Contrast this to my nomination for “Imaging Industry Leader Of The Year Award.” Ready for a shock? Think of one company that made a cool product and charged a whole lot more than needed based on traditional industry margins. You’d guess Apple first, right? Number two is Fujifilm. Yes, the company that brought you the X-series cameras. The leadership at Fuji took a huge risk. Could Fuji create a cool product and raise the average selling price because people wanted to own it? Could Fuji reverse the decline in average selling price? Could they put more money in retailers’ pockets and their own treasury? Fuji gambled. They hit the jackpot. The X-series cameras were a hit with those retailers who embraced them for what they were. Sure they were a niche product. Yes, they aren’t for every consumer. Neither is Apple for every consumer.

Target is not a situation of what brand cameras they’ll sell. The question is if Target will offer any cameras to their customer at all. Maybe the creative thinking from Fuji will spread to other camera companies and Target will come back to promoting cameras to its millions of dedicated Target customers

A big shout out goes to Fuji and Fuji leadership for trying something daring, something creative, something outside the lockstep thinking of the CE world. We challenge each camera manufacturer to do something meaningful to bring margin growth to our industry.

Warmest wishes for a joyous, healthy and prosperous 2013.

– Bill

Today’s idea – simplicity sells

Glenn Paul, Textler

The president-elect of the Association of Imaging Executives, and CEO of Textler, a cloud-to-mobile software company, suggests you need a pitch “a consumer can wrap his mind around.”

His thought: simplicity sells.

“My mentor always said that every great salesperson has one great pitch. He knows the product, the objections, and the possible outcomes so well he may even leave information out of the pitch to give prospects an opportunity to ask the question that closes the deal.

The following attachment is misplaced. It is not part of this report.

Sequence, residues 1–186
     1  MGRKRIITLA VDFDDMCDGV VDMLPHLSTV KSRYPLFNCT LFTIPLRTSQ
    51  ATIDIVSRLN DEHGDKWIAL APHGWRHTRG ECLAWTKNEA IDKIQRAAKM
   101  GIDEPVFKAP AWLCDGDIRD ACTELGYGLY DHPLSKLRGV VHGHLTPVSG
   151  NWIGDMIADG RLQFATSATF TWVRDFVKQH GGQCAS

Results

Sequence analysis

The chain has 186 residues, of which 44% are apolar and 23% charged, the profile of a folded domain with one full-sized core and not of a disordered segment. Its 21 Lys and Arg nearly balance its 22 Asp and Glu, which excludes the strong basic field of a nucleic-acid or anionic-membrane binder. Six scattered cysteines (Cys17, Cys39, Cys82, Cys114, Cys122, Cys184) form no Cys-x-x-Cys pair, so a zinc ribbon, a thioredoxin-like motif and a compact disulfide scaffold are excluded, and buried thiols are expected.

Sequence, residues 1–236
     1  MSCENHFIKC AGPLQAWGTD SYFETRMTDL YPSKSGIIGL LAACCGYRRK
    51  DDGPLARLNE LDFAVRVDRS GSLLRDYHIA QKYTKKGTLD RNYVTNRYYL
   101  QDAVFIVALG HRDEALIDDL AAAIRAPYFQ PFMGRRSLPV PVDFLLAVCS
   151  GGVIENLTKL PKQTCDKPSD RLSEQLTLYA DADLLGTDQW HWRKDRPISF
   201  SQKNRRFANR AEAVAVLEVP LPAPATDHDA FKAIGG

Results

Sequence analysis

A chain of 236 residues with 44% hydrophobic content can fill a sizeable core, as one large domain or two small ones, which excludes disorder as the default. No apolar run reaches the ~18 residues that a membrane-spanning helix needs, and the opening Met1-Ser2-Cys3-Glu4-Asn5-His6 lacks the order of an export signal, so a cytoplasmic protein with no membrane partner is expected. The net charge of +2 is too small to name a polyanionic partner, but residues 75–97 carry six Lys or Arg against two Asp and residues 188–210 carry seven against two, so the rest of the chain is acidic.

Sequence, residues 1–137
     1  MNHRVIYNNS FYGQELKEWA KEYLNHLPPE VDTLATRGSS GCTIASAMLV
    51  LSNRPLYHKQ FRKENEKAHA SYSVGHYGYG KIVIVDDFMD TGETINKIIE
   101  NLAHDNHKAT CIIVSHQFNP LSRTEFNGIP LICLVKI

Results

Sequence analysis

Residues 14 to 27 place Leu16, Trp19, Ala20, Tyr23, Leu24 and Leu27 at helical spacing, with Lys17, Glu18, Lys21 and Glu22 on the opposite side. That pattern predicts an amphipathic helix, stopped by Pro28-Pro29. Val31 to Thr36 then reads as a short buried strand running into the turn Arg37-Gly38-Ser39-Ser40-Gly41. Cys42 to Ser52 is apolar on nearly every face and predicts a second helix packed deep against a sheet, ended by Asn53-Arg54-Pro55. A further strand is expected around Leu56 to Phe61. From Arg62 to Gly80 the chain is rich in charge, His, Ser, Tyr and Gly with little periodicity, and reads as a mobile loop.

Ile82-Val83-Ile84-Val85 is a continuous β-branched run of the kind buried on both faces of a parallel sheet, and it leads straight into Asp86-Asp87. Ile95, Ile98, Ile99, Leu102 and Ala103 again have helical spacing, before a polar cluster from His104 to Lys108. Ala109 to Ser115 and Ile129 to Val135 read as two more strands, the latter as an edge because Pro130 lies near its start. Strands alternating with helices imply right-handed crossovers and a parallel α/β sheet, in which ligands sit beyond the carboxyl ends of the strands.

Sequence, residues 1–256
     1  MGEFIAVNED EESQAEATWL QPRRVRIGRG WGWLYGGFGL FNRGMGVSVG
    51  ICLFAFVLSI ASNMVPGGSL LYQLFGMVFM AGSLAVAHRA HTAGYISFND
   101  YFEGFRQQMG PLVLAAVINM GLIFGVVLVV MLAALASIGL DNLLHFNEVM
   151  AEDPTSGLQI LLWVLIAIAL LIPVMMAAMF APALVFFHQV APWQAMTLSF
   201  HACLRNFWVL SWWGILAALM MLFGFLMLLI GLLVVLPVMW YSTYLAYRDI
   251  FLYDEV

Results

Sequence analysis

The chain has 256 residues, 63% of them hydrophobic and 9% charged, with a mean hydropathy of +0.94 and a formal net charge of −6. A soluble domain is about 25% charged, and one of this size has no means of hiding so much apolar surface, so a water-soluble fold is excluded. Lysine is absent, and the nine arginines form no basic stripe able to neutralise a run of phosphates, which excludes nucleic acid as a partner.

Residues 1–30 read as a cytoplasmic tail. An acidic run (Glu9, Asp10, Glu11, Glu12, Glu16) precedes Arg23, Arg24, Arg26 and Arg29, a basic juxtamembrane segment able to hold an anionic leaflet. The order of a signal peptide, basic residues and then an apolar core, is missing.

“The pitch vividly illustrates why the idea [product, service] is important, how it differs from the what the competition is offering, and how the prospect will benefit by acting right now.”

Glenn notes that, while this seems ridiculously simple, many people figure what they’re selling is very complicated.

“I was once on a discussion panel to talk about raising money. I had scratched together a few million dollars, but one guy on the panel had raised $70 million. His secret: ‘The fewer slides in my PowerPoint presentation, the more money I raised.’ Simplicity sells.”

Consumers have millions of messages coming at them, Glenn points out, “so they only pay attention to the grabbers. Consumers must understand the message, and they won’t read something that sounds like marketing.

“The Obama campaign famously learned that the uglier their emails, the more money they raised.  Casual subject lines like ‘Hey,’ ‘Wow,’ and ‘Join me for dinner’ were opened far more frequently than ‘Support the Obama Campaign now!’

“I’ve written a lot of beautiful emails over the years, and it’s eye-opening to me to learn that most were deleted because they were too polite!”

Glenn suggests that, once you think you know your pitch, test, refine and teach. Glenn says that by testing your pitch and refining the parts of your business that interact with customers (your website, perhaps?) you can optimize your pitch and your business’ entire user interface.

“Keep testing and listening, but, once you’ve got something that works, teach it to your employees. The real fun starts when an informal army of happy customers begin to parrot the simple message that you have carefully fed into your marketplace. And, since marketing can be one of your biggest costs, your business becomes much more profitable when word-of-mouth drives incremental customers to your door.”

Keep those ideas comin’

• Send your ideas to editor@McCurryAssoc.com. Your ideas are what power this exchange.

• Got a promotion that worked? Tell us about it. Got one that didn’t? Tell us about that, too, especially if you can tell us why it fizzled, what you learned from it, how it can be fixed.

• Got an idea generated by a staffer? Got something that’s exciting and/or motivating the crew? Doing something that’s bringing customers in, got customers buzzing, got them buying? Tell us.

• Don’t worry if you’re not the best writer; we’ll be happy to tidy things up for you.

• We’d appreciate getting pictures to help illustrate the ideas.

• Twice a week you’ll be seeing marketing ideas in PMA Newsline that will expand your horizons and grow your business.

• They’ll be coming through the McCurry Marketing Idea Exchange that is now distributed with Newsline. Most issues will be ideas shared by you, our loyal readers.

• Occasionally Bill McCurry will blog about a subject of industry significance.

• To make this work, you need to share a marketing idea.

• There are 443 archived editions of the McCurry Marketing Ideas Exchange, with more than 1,000 marketing ideas as a resource for you, at http://www.TinyURL.com/McCurryIdeas.